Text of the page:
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November 2, 2010
DOI:10.1021/CEN102510131827

Solar Panel Fabrication's Greenhouse Gas Emissions

Alternative Energy: Study measures emissions of climate-altering nitrogen trifluoride from photovoltaic production

Nancy Garcia

GREEN OR GREENHOUSE Research-industry team says nitrogen trifluoride emissions during solar-panel production can be offset within four months of power generation. Dennis Schroeder/ Department Of Energy/National Renewable Energy Laboratory
GREEN OR GREENHOUSE Research-industry team says nitrogen trifluoride emissions during solar-panel production can be offset within four months of power generation.
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Two years ago, the first atmospheric measurements of a rare but potent greenhouse gas used by solar panel manufacturers alarmed many climate scientists. The concentration of the man-made gas, nitrogen trifluoride, was four times greater than scientists had expected and growing by 11% a year. Now a study offers some encouraging news: The greenhouse-gas-free power generated by solar cells offsets in less than four months the potential climate-warming impact of the NF3 released during their production (Environ. Sci. Technol., DOI: 10.1021/es100401y).

During the past 15 years, manufacturers have adopted NF3 for cleaning during electronics manufacturing, because it creates fewer overall emissions than previous cleaners. But in 2008, Michael Prather, lead author of the 2007 Intergovernmental Panel on Climate Change assessment, called NF3 "the greenhouse gas missing from Kyoto."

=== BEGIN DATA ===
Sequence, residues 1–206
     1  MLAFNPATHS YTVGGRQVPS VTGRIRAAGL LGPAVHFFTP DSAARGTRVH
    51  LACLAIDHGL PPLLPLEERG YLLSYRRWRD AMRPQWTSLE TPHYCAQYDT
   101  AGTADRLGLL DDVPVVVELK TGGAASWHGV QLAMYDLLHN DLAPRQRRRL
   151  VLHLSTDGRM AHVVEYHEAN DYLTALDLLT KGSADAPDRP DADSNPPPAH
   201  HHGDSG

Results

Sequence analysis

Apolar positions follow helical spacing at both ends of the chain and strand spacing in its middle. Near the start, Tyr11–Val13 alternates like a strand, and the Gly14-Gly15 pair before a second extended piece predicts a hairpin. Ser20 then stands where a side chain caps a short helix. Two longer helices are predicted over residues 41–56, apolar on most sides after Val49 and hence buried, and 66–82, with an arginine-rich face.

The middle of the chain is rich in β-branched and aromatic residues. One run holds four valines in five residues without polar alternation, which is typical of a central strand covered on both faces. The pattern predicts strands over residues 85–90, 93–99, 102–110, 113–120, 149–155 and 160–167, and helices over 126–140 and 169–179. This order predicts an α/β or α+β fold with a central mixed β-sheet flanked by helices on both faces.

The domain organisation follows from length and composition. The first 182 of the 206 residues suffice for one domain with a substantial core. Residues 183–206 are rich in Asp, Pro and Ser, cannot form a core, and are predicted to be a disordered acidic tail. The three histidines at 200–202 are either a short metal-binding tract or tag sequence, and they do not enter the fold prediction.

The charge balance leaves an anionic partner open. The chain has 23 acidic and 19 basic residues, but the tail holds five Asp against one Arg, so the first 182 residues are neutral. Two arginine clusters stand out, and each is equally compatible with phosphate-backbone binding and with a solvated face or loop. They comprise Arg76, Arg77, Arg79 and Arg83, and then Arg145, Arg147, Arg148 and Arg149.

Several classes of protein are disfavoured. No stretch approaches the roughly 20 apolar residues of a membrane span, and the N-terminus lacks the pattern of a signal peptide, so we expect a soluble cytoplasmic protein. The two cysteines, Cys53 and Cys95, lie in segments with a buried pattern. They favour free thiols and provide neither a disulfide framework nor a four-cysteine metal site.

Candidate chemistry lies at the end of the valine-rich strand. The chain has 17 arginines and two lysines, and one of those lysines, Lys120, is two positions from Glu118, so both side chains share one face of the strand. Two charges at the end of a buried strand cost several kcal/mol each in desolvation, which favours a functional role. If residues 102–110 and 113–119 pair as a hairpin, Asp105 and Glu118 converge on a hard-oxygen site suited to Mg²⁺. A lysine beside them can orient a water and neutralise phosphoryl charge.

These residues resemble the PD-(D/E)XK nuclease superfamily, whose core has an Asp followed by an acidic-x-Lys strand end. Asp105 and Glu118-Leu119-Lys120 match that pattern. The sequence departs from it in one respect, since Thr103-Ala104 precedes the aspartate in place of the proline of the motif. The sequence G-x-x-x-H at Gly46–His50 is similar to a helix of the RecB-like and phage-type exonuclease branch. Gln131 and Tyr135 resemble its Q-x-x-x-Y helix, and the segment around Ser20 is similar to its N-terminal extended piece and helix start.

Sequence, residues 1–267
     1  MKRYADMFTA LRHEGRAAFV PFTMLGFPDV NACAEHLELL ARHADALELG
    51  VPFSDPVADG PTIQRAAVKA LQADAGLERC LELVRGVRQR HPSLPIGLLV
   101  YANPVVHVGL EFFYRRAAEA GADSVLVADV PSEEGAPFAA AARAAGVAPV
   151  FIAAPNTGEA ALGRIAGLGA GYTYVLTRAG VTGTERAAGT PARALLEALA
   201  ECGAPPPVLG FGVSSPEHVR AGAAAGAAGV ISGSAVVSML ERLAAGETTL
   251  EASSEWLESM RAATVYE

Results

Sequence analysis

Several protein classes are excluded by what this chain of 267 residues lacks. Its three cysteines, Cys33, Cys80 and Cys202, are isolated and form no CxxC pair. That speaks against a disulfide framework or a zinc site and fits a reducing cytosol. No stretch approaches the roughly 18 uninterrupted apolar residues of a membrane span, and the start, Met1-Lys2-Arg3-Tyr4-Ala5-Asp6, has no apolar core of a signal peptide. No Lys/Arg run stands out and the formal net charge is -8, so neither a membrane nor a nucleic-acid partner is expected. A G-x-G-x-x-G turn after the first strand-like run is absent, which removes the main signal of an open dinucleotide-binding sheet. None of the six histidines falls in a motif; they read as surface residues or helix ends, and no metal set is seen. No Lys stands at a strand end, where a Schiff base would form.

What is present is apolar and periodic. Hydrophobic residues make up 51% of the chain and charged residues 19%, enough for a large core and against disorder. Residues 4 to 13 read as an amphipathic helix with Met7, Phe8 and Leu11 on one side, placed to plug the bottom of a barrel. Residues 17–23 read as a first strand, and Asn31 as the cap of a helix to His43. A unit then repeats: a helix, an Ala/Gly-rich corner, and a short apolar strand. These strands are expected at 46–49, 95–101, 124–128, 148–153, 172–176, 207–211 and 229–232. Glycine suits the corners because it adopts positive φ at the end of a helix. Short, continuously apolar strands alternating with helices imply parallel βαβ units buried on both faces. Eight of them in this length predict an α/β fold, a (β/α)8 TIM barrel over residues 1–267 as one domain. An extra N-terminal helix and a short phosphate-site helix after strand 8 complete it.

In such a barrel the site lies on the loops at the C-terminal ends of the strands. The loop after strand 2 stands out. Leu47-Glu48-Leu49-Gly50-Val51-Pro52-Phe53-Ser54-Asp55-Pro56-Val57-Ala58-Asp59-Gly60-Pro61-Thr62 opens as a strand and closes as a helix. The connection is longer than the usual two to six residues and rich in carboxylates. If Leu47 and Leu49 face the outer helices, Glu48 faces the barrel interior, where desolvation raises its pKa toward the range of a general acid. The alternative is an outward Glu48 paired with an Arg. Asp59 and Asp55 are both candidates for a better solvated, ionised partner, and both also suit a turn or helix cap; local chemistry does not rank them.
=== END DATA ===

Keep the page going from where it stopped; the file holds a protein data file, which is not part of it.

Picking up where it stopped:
Scientists estimate that the gas lingers in the atmosphere for about 550 years, and its global-warming potential is about 17,000 times greater than that of carbon dioxide. The solar power industry accounts for 5% of the global NF3 demand, with the rest coming largely from integrated circuit manufacturing. However, for the past decade, the solar industry has grown by more than 45% annually.

Vasilis Fthenakis, an expert in life-cycle analysis at Columbia University and Brookhaven National Laboratory, and colleagues from Air Products and Chemicals, a major supplier of NF3, examined solar panels' life-cycle NF3 emissions from production to end use. They measured emissions from Air Products' factories and six solar panel manufacturing plants around the world. Then, by accounting for the greenhouse gases released per energy output by the U.S. grid, the researchers compared the emissions saved by solar panel operation to emissions generated from their manufacture. A typical solar panel must operate for at most four months for the greenhouse gas savings to balance out its fabrication emissions, the researchers concluded.

Prather, an atmospheric chemist at the University of California, Irvine, says that this study provides much-needed hard figures and detailed analysis, but cautions that it examines only one product. He hopes that the study will prompt groups independent of NF3 producers and users to evaluate it, and to do similar measurements for other electronic products. 

Chemical & Engineering News
ISSN 0009-2347
Copyright © 2011 American Chemical Society
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